Concerns over equity have historically been discussed in divorce proceedings ‐ but often from a high‐level view with reliance on loosely assembled information. While practical in decades past, I am witnessing a shift and demand for tighter, supplemental micro‐level analysis as home values and equity continue to sharply rise.
Determining equity claims was once easy; twenty percent down, eighty percent financing and a house was paid off in thirty years. Armed with an original HUD closing statement, professionals could sort through records for verification of source of funds for purchase. By applying a standard growth‐averaging methodology they could then determine actual marital/non‐marital equity and value of a home at specific dates throughout marriage. However, introduction of intricate mortgage programs, refinancing instruments, home equity lines and cash outs, capital improvements, foreclosure, and short sales have rendered aforementioned methodology ineffective. Where does one obtain housing documents? How does marital/non‐marital equity change over time? What am ‘I’ entitled to? A forensic accountant can provide clear and defined answers to these questions.
Parties utilizing forensic services must understand breaking down asset value to marital and separate components is both time and fee consuming. Often, information not known to one or both parties is uncovered which may require additional, unexpected analysis to complete an equity tracing project. It is imperative those considering and/or engaging forensic services discuss, at a minimum, the following:
While electronic record keeping continues improving amongst financial institutions, obtaining historic records are not without their complications (an expert can assist in retrieval). As information is retrieved an understanding of component linkage and flow of money must be examined. Let us walk through a brief example to show overlooked areas of home equity discussion and negotiations.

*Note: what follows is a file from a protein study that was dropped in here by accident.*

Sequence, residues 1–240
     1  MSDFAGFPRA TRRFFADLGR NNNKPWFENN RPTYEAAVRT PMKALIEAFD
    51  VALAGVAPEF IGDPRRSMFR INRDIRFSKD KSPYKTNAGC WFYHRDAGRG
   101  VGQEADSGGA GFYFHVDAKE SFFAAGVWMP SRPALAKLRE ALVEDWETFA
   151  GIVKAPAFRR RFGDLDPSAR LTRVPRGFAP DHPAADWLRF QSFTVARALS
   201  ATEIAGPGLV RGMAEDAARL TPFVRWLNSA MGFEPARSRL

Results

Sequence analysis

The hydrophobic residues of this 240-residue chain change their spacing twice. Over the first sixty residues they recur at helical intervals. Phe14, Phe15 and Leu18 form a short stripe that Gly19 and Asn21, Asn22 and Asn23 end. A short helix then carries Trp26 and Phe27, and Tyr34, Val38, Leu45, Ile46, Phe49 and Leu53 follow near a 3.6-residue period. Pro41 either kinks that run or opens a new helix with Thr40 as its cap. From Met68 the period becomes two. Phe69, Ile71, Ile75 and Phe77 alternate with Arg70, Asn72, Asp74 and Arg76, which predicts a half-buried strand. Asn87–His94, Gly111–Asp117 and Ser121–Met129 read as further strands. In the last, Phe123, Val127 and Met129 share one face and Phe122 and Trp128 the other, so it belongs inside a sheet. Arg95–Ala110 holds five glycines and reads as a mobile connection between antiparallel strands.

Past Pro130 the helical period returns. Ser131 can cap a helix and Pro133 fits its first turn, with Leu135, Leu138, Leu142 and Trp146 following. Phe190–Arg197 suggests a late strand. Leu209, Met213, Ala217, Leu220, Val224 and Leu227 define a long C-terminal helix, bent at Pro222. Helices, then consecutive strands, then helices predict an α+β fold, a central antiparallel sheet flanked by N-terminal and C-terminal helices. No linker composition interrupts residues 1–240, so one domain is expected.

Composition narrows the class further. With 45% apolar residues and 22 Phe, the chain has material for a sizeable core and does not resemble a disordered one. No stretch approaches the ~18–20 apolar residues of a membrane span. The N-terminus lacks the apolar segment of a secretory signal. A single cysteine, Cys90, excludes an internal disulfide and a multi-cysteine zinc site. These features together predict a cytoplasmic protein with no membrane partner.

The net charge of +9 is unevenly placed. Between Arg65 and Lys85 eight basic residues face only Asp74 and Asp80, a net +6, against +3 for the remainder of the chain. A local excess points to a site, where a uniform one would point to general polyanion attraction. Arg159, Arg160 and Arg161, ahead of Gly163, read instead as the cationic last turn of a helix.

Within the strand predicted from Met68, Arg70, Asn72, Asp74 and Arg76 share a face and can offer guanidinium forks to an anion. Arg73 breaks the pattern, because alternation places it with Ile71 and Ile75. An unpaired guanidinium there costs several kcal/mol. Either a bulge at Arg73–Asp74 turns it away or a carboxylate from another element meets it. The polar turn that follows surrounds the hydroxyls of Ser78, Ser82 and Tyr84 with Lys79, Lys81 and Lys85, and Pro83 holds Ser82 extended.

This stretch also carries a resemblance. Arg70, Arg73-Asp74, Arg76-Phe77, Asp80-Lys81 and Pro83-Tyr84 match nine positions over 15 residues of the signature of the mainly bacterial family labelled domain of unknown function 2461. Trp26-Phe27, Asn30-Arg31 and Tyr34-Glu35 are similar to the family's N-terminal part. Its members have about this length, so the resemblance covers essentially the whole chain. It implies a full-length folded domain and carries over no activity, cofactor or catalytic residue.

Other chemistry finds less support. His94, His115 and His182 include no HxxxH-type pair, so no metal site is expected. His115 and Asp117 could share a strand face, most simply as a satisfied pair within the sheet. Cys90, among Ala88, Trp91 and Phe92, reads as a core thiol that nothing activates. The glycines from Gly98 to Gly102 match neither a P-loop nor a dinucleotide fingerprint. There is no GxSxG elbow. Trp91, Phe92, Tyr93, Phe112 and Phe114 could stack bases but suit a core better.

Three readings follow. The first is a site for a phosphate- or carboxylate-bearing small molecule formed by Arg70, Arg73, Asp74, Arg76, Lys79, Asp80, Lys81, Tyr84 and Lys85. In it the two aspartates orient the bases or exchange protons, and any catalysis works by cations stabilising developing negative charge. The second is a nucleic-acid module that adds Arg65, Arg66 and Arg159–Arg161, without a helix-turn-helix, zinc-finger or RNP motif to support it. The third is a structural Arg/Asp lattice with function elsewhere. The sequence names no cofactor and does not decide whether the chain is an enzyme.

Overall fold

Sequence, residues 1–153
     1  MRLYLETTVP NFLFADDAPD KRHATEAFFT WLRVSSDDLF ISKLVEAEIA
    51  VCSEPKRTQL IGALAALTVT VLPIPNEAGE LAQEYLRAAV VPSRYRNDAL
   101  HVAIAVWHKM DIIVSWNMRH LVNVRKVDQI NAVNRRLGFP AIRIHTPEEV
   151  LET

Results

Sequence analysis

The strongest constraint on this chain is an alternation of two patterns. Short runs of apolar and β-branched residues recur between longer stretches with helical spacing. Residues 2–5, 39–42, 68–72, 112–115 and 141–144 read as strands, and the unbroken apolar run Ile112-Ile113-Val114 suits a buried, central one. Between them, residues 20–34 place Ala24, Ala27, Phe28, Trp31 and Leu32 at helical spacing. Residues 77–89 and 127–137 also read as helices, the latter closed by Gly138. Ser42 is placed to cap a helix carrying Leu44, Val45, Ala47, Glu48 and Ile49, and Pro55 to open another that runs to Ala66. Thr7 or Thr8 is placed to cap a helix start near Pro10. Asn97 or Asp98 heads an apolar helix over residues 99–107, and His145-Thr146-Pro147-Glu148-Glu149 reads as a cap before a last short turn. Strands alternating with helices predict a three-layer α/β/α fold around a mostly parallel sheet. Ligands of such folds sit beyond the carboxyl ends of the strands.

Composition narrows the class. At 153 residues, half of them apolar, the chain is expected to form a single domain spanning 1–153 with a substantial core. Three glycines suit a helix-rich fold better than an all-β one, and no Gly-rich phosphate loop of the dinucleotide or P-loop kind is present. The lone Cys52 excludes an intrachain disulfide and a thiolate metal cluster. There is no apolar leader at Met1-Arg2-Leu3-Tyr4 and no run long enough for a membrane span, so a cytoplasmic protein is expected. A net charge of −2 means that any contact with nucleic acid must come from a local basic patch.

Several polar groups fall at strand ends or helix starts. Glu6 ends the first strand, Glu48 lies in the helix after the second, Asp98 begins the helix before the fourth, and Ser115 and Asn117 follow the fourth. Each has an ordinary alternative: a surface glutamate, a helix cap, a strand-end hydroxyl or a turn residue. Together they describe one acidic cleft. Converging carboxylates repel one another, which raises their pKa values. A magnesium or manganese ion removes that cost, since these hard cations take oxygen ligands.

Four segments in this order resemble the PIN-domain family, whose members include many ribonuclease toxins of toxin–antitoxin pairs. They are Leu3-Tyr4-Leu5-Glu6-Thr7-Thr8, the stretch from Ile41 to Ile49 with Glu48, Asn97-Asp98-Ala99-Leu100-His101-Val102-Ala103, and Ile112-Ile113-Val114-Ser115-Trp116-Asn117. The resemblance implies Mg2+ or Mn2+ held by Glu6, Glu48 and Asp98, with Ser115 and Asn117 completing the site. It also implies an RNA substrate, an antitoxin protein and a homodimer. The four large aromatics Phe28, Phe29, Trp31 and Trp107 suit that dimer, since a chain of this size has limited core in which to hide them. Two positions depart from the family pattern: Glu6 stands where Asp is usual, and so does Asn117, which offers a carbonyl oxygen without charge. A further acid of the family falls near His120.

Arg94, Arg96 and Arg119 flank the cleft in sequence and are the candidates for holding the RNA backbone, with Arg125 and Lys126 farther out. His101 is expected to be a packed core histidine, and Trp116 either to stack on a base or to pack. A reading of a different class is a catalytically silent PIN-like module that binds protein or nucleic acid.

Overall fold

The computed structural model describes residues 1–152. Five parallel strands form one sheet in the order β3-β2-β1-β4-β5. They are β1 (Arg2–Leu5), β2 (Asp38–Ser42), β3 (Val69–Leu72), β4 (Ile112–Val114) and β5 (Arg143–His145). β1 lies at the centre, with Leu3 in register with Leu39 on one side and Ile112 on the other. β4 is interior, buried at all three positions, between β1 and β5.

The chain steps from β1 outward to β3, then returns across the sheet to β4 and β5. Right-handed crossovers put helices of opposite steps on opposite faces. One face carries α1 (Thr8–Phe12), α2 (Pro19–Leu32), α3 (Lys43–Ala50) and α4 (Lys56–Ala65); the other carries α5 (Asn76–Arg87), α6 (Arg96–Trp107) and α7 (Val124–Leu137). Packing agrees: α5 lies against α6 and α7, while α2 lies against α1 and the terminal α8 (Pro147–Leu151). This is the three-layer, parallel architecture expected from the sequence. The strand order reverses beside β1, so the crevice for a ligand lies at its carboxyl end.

A primary residence is purchased 15 years ago, three years after marriage, for $500,000 with 20% cash at closing (from a joint brokerage account). Five years after purchase the home is refinanced and seven years after purchase a multitude of improvements were made. Currently one spouse believes the value is ~$1,100,000. There is a remaining mortgage of $100,000.
At face value, there exists $1,000,000 in marital equity. The assumption may be reasonable in certain circumstances but ignores several ‘caution’ flags:
As items affecting buildup or reduction of equity ensue (ex. mortgage payments from martial funds or cash out of refinance) marital/non‐marital components of equity continue shifting ‐ becoming more multifaceted. Forensic experts will first obtain and review documents such as HUD purchase/refinance statements, bank statements indicating fund transfers, improvement receipts, property tax assessments, prior appraisals/market analysis, mortgage statements, and more. Subsequently, experts will trace funds and value increases by applying techniques such as relative‐weighting; computing weighted marital/non‐marital ratios on inception and adjusting for factors influencing asset composure. In the above example, $1,000,000 marital equity might only be $500,000.
Note that separate funds introduced to an asset closer to inception are more volatile with potential to cause greater dilution (and in some cases accretion) on long‐term marital value. With proper documentation, record keeping, and assistance of forensic experts non‐marital and marital equity claims can be substantiated.
Presenting a persuasive property case depends on clear‐cut analysis, and expert testimony. While no one divorce case is a like ‐ the utilization of a forensic accountant’s can provide value which outweighs the cost of services.
Jordan Egert, CPA, CFE, CDFA is the Manager of Litigation Support at Councilor, Buchanan, & Mitchell P.C., where his time is devoted to financial consulting engagements (involving collaborative and litigated financial cases), forensic tracing engagements, and taxation as it relates to family law. Jordan Egert is a member of the Association of Certified Fraud Examiners, Maryland Association of Certified Public Accountants, and the Institute of Divorce Financial Analysts. For additional information or questions please contact email@example.com